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3. Interdisciplinarity and International Context


Lack of a common funded research program.

Understanding the formation of the Earth and its earliest history is an issue of wide interest, for the public as well as within the scientific community. Within the German Earth Science community, this topic has also been identified as a key research area in Chapter 5 of the DFG Strategieschrift “Zukunftsaufgaben der Geowissenschaften”. The proposed SPP would generate a research program within and beyond the Earth Sciences that will bring together scientists involved in early Earth research with scientists involved in studies on extraterrestrial materials. Each theme alone has received particular attention in the past, but generally in separate coordinated research programs. The search for habitable planets outside the solar system is a major endeavour in current astronomical research and associated space programs and has also received considerable attention in the public. However, these voluminous research programs are largely based on astronomical observations, physical approaches, modelling or studies with an entirely biological focus. Consequently, there is a strong need for a focused Earth Science approach that is the only way to reliably integrate direct observations from the available record stored in geological and extraterrestrial samples with models proposed by astrobiologists or astronomers. Within the proposed SPP, this task may be accomplished by jointly examining old rock samples from the Earth, the Moon and the asteroid belt that provide a suitable and accessible testing ground for the Earth Scientist.


The need for the first fully funded Earth Science based coordinated program.

Given these constraints, the key to understand Earth’s habitability is provided by Earth Sciences. Addressing these scientific issues from a wider angle requires a concerted interdisciplinary approach involving geologists, geochemists, cosmochemists, mineralogists, geophysicists, modellers and geobiologists. There are strong communities in each of these disciplines in Germany (see above), but the exchange between these communities - largely established as smaller university groups - needs to be improved. We consider an SPP as the ideal framework to foster interdisciplinary co-operations between these university-based scientists for addressing the central question how Earth became a habitable planet.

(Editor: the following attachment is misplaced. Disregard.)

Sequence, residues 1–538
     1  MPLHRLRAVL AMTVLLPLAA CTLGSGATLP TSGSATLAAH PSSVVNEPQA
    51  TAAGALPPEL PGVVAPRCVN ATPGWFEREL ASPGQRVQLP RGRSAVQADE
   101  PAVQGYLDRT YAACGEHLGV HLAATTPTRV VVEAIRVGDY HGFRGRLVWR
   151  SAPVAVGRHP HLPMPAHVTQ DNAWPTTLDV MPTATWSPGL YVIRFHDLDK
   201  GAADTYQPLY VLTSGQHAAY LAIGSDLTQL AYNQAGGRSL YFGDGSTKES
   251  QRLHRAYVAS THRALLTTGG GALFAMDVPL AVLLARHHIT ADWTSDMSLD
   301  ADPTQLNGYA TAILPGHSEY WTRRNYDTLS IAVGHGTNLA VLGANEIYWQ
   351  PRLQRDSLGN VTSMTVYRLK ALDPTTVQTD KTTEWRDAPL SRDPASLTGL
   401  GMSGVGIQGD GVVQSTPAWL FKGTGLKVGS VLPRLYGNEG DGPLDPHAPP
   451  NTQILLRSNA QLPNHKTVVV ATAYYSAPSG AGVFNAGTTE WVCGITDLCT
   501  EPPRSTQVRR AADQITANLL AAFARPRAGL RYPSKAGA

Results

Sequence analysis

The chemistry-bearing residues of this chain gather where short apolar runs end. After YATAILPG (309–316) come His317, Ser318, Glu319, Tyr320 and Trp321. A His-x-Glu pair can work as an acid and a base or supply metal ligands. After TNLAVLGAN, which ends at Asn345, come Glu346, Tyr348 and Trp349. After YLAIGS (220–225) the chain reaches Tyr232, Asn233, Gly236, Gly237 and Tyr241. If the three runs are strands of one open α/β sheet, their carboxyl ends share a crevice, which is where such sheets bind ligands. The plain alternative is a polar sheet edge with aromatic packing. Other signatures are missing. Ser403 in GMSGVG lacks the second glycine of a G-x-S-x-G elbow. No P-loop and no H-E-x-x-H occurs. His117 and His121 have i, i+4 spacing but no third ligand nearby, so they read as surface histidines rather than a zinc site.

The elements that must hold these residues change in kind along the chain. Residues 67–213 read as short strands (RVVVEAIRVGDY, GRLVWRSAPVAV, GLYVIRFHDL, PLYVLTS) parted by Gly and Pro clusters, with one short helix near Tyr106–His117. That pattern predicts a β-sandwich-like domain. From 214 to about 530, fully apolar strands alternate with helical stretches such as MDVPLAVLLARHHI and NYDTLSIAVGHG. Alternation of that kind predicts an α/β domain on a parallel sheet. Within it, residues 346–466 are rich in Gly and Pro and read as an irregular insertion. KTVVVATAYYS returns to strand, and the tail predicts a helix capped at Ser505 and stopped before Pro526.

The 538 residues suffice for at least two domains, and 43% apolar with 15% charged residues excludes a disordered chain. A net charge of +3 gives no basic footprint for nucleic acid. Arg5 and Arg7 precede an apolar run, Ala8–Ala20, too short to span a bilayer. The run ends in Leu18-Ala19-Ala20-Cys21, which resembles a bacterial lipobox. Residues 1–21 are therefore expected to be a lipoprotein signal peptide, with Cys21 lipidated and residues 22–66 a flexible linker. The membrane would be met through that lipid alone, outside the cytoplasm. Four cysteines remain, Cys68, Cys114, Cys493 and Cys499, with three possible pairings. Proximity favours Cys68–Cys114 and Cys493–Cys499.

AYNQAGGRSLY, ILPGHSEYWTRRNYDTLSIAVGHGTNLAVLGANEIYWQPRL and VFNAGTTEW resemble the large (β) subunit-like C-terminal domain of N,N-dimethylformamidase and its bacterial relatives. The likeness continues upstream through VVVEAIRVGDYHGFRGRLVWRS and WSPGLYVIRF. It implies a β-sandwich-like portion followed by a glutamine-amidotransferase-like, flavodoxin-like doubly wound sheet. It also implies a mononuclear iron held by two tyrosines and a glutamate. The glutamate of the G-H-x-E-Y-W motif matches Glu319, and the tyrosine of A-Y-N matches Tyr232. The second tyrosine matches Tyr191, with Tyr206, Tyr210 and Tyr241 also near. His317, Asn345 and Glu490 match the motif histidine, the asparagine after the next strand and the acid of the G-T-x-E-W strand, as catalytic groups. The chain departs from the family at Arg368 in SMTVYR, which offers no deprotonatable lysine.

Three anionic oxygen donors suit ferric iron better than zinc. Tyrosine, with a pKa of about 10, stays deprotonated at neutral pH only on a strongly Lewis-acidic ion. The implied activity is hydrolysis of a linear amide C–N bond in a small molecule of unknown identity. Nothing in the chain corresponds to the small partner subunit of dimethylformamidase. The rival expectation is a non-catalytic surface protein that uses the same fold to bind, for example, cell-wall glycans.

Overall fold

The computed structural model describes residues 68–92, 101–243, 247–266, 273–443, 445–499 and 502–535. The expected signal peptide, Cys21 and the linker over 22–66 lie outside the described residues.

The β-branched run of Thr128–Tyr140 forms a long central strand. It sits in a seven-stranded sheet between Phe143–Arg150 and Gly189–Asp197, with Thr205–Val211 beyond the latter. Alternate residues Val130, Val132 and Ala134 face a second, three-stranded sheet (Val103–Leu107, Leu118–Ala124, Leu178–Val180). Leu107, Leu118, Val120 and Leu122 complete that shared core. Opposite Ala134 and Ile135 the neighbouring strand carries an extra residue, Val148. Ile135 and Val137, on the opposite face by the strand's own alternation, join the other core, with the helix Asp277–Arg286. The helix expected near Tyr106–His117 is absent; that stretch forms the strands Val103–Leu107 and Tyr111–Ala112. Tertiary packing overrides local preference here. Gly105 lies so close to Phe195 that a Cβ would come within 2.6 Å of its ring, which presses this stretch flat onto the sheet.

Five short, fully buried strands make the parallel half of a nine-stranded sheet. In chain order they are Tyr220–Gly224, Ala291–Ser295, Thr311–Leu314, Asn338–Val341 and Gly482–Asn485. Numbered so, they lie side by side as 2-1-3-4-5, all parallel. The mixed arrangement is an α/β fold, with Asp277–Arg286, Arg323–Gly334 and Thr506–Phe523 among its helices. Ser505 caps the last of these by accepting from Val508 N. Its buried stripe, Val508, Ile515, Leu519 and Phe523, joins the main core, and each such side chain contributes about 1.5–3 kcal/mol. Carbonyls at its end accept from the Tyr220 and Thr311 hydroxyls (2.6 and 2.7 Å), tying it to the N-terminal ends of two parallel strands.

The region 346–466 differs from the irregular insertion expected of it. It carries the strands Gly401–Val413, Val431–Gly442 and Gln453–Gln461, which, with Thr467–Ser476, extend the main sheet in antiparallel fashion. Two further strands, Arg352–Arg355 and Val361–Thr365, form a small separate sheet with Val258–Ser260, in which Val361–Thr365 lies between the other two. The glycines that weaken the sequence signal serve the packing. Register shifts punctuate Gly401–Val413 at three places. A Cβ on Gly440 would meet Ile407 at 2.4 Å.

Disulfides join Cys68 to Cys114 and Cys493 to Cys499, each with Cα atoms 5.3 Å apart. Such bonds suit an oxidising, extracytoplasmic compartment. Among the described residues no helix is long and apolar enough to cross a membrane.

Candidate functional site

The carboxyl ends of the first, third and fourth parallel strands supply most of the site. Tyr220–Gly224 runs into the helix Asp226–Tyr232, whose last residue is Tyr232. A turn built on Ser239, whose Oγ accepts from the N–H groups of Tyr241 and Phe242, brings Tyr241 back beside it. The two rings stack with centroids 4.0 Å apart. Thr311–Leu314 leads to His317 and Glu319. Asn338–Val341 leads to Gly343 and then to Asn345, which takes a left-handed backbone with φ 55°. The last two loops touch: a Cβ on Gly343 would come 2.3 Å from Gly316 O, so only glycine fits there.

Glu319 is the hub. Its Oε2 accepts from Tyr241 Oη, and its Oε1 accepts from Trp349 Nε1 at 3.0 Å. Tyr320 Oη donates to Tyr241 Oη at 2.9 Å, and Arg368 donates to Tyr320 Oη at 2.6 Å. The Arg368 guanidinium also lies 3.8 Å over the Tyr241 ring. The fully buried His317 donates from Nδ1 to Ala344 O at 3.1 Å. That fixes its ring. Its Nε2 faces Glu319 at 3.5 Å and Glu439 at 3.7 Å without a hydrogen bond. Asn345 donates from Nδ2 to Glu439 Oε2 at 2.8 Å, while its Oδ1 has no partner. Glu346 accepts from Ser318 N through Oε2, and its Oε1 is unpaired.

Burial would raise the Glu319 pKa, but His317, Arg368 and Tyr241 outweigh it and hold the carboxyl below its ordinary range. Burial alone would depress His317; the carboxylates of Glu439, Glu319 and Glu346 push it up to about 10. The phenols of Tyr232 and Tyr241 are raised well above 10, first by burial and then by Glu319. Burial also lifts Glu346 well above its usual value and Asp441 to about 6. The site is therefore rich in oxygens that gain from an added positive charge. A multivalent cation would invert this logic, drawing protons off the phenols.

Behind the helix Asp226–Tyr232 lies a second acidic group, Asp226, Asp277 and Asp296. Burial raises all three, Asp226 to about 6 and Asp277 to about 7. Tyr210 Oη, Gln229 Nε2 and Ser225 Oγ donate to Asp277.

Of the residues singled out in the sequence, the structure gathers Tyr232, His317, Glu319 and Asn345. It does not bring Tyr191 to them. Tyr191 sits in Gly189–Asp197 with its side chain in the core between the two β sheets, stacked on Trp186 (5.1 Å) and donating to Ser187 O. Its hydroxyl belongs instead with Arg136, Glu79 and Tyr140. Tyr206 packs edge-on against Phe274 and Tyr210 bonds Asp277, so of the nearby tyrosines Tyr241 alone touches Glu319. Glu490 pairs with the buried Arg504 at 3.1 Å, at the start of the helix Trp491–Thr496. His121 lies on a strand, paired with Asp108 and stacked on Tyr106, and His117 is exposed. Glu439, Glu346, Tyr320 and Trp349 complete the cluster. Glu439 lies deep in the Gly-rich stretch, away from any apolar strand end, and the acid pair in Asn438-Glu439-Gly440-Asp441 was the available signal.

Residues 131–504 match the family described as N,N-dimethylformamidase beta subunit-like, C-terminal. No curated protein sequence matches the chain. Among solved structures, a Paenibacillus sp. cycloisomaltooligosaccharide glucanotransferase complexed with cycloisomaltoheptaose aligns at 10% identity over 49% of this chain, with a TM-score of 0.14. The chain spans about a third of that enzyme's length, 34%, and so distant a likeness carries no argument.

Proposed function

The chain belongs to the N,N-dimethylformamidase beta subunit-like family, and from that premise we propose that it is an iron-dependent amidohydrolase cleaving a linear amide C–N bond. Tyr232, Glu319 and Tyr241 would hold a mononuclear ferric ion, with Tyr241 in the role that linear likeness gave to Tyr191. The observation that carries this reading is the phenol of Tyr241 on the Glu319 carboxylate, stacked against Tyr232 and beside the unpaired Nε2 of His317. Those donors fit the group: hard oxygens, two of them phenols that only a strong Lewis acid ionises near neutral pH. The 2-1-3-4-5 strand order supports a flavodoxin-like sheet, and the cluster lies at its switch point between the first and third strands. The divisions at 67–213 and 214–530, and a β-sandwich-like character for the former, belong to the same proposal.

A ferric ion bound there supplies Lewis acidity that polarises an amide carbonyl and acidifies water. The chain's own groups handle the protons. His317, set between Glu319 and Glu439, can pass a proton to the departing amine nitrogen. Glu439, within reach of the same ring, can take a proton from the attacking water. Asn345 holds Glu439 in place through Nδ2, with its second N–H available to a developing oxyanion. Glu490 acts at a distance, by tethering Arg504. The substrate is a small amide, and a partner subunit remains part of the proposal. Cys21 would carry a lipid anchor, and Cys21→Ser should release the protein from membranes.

Relation to other national and international programs.

Numerous members of the proposed SPP have long-standing individual collaborations and have participated in established national and international networks. These include the IGCP SIDA 599 “The Changing Early Earth”, the ESF Network “Archean Environment”, and the ICDP drilling projects “FAR-DEEP” and “Peering into the Cradle of Life”. All of these programs do not provide direct project funding to German researchers. SPP 1385 “The first 10 Million Years” is limited to the earliest evolution of the solar system, explicitly excluding Earth’s growth, the key topic of this proposal. Furthermore, established individual cooperations provided participation in international field campaigns to all relevant areas with a rock record suitable for studying Earth’s early evolution. In addition, several groups involved in the SPP proposal have ongoing sample loan collaborations with NASA and Japanese NIPR, including lunar samples and Antarctic meteorites. All this confirms the high international recognition of our groups, but it is our aim to expand these collaborations to a higher level. There will also be a very close strategic collaboration with the Helmholz Institute for Ressource Technology, focusing on the genesis of Archean ore deposits, thus demonstrating the relevance of our proposal for resource-related issues.